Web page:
Impact of sour and carbonated foods and drinks on subsequent intake

Catherina Bozorgi, Celina Holleufer, Karin Wendin

Research output: Contribution to conferencePoster

Abstract

The oral processing of food is important for eating and digestion in order to gain energy and nutrients. Due to disease, accident, or aging individuals may experience difficulties in this process. These difficulties often lead to dysphagia which is strongly associated with malnutrition.  Thus, it is of importance to find solutions and strategies that can facilitate intake of food. 

It is well known that sour and/or carbonated foods and drinks increase saliva secretion and trigger the swallowing reflex. However, knowledge of how subsequent food intake is impacted is low. The aim of this study is to clarify whether sour and/or carbonated foods and drinks have a subsequent impact on swallowing function. 

Twelve healthy participants evaluated eleven different foods and drinks due to their ability to increase saliva production and make swallowing of a subsequent food easier. 

As expected, results showed that sourness and carbonation had a positive impact on saliva secretion and swallowing. No correlation was found between pH / sourness and ease of swallowing these foods. It could be concluded that some sour foods, in this study exemplified by cherry tomatoes, natural yoghurt, and in particular citrus juice made it easier to swallow a neutral cracker after ingestion of these sour products. The results may be used to increase food intake among dysphagia patients.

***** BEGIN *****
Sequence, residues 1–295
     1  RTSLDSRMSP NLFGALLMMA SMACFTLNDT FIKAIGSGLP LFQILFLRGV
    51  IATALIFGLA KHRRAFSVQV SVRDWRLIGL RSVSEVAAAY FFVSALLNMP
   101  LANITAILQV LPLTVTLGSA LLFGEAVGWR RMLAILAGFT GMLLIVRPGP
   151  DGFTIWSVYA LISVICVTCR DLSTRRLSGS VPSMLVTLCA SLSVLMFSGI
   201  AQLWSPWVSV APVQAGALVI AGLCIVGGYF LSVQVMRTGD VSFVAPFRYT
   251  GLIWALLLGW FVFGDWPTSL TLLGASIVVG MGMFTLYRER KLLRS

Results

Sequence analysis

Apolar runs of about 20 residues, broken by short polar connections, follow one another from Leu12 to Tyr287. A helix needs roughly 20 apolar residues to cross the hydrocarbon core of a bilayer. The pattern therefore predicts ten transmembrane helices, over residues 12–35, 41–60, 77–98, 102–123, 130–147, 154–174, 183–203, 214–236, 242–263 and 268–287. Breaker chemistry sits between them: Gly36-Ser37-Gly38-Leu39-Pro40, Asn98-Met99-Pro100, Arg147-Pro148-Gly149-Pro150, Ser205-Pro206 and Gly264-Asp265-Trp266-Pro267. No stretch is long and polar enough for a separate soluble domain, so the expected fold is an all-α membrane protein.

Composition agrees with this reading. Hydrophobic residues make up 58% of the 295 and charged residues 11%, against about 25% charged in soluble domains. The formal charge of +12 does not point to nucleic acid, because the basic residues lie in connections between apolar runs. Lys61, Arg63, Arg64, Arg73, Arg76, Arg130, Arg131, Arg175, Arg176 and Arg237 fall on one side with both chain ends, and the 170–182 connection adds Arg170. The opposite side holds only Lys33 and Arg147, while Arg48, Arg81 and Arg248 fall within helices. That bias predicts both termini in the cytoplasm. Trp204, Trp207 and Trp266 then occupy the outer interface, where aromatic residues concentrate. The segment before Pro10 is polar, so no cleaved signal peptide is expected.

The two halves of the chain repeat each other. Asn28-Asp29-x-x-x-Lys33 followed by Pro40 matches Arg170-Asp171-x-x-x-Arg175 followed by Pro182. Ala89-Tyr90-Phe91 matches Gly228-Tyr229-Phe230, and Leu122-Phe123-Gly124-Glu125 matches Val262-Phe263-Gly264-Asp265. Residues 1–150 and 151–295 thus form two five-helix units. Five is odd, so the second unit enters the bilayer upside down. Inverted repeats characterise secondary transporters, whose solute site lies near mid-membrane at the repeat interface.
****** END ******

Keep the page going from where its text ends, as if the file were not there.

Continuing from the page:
Original languageEnglish
Pages100-100
Number of pages0
Publication statusPublished - 2021
Event6th international conference on food oral processing (FOP), Valencia (fully online conference), July 12-14, 2021 -
Duration: 1980-Jan-01 → …

Conference

Conference6th international conference on food oral processing (FOP), Valencia (fully online conference), July 12-14, 2021
Period80-01-01 → …

Swedish Standard Keywords

  • Food Science (40103)

Keywords

  • ease of swallow
  • food oral processing
  • malnutrition
  • nutrition

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